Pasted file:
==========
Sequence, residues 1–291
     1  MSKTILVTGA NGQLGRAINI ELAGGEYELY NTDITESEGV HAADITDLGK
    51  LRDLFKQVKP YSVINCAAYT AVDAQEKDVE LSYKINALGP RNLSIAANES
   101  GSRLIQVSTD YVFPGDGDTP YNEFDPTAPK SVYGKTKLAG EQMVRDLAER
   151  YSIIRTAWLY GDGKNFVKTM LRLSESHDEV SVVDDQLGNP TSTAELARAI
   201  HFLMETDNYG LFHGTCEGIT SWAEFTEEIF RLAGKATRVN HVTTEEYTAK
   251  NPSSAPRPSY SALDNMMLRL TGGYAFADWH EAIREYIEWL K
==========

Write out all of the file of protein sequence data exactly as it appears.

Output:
Sequence, residues 1–291
     1  MSKTILVTGA NGQLGRAINI ELAGGEYELY NTDITESEGV HAADITDLGK
    51  LRDLFKQVKP YSVINCAAYT AVDAQEKDVE LSYKINALGP RNLSIAANES
   101  GSRLIQVSTD YVFPGDGDTP YNEFDPTAPK SVYGKTKLAG EQMVRDLAER
   151  YSIIRTAWLY GDGKNFVKTM LRLSESHDEV SVVDDQLGNP TSTAELARAI
   201  HFLMETDNYG LFHGTCEGIT SWAEFTEEIF RLAGKATRVN HVTTEEYTAK
   251  NPSSAPRPSY SALDNMMLRL TGGYAFADWH EAIREYIEWL K